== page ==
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Bordeaux winemaker turned estate director JEAN-PHILIPPE DELMAS explains to GERRIE LIM why it’s the “terroir” that matters
JEAN-PHILIPPE DELMAS is affable enough though mildly guarded in public, not unusual traits given his patrician

Bordeaux winemaker turned estate director JEAN-PHILIPPE DELMAS explains to GERRIE LIM why it’s the “terroir” that matters
JEAN-PHILIPPE DELMAS is affable enough though mildly guarded in public, not unusual traits given his patrician lineage. His father, the legendary Jean-Bernard, retired 10 years ago after some 40 vintages that had famously put Château Haut-Brion on the map. And his grandfather Georges Delmas had already been running the very same estate for 12 years when the American financier Clarence Dillon acquired it in 1935.
Since he inherited his father’s role in 2004, three properties now fall under Delmas’s aegis at Domaine Clarence Dillon: Château Haut-Brion, its neighbour Château La Mission Haut-Brion, and the newly created Château Quintus.
Delmas has held the understated title of deputy managing director since 2011, and his obvious ability to juggle the demands of an extended business portfolio while keeping the faith as a winemaker was what interested me most when I met him on a recent stopover in Hong Kong. Snazzily suited, he seemed from his demeanour like he was still out there pruning his vines in Pessac-Léognan and Saint-Émilion, impressing me with his firm ambition and quiet pride.
There’s a story about how Robert Parker [of The Wine Advocate] raved about the 1982 Bordeaux to your father, who went with him to peruse the Haut-Brion archives. There Parker discovered that many people initially pooh-poohed the 1929 vintage, which became a classic, showing that wine reviewers can often be wrong.
Absolutely. Parker is a great man, very humble, and he has a gift – he can taste very fast and he’s very precise. But I know a better story, actually. The first time Parker came to Château Haut-Brion, he was just starting out, it was 1979, and when he knocked on the door my father opened it and said, “Hello, who are you?” Parker said, “I’m Robert Parker, I’m a lawyer and a wine lover who would like to become a wine critic.” And my father said, “But have you an appointment?” Parker said, “No.” And my father said, “Sorry, I have no time!” and he closed the door. This was the first meeting between my father and Robert Parker. You might not want to print that!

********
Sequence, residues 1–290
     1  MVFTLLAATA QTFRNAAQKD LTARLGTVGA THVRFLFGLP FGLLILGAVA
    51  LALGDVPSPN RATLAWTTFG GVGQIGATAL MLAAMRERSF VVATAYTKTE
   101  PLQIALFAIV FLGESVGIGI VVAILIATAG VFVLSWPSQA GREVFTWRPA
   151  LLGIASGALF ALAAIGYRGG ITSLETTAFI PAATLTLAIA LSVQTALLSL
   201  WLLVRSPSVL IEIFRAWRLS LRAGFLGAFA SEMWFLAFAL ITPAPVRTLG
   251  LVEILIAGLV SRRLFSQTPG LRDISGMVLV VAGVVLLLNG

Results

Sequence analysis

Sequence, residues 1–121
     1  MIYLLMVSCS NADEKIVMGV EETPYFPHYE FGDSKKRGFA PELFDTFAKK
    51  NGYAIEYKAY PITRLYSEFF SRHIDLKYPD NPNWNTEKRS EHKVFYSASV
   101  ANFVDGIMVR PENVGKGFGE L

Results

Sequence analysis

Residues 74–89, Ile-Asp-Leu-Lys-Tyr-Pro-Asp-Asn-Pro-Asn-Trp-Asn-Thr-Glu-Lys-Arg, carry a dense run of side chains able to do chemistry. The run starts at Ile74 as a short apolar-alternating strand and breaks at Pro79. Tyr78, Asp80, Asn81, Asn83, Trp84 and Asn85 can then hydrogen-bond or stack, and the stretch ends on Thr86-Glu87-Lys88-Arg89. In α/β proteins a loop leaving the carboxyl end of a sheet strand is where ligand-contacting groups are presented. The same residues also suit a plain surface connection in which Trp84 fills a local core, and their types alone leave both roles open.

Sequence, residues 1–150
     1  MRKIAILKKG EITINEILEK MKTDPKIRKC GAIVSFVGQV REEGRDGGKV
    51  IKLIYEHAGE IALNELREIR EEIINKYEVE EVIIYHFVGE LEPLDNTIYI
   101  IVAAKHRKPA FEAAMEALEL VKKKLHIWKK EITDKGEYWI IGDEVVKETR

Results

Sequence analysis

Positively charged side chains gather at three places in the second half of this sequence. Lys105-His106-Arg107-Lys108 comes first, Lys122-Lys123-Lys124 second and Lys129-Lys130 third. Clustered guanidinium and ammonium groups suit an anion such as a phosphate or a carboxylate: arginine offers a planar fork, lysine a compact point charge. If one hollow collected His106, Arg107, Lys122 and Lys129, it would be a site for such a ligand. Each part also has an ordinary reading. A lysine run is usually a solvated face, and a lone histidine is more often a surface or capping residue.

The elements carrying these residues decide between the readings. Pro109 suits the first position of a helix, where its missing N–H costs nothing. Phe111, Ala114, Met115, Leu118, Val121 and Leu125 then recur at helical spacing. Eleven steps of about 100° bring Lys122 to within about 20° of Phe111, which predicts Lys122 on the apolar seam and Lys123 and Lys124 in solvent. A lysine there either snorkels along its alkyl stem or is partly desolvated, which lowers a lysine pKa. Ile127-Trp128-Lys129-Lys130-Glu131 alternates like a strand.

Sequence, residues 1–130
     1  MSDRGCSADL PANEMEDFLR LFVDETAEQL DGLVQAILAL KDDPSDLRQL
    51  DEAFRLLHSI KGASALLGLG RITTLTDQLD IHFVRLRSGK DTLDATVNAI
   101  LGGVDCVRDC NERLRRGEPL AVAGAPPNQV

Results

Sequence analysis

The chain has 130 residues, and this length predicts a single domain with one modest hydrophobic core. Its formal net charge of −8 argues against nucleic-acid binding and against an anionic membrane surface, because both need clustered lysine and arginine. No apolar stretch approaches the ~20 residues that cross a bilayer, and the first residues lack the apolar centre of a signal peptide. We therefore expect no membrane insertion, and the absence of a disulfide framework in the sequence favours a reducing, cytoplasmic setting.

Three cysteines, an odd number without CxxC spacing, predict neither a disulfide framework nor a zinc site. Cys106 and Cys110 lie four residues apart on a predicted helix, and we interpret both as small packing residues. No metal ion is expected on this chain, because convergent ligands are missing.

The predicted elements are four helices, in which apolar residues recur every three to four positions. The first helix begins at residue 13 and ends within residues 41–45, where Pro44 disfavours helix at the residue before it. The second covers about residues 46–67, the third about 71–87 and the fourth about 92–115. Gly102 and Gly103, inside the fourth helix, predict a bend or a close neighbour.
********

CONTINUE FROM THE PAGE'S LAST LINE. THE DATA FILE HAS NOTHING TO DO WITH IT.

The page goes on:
Well, here’s a more dangerous topic: why Quintus? Aren’t Haut-Brion and La Mission Haut-Brion enough work for you?
I can’t answer that because I’m not the owner, which is an American family. They decided quite some time ago to continue to invest money in Bordeaux and looked for new opportunities. As you know, in SaintÉmilion the estates are usually very small and we thought it might be better to have a big estate so we decided after buying Château Tertre Daugay two years ago also to buy the neighbouring estate, Château L’Arrosée, six months ago. Together they are now Château Quintus, about 28 hectares in size, which for Saint-Émilion is quite big. I think we’re the only one in this century in Bordeaux to create a new estate, something that’s maybe crazy but also a great challenge.
More people know the Haut-Brion name than know Quintus, so is it fair to say you’re leveraging on the name of Haut-Brion for Quintus?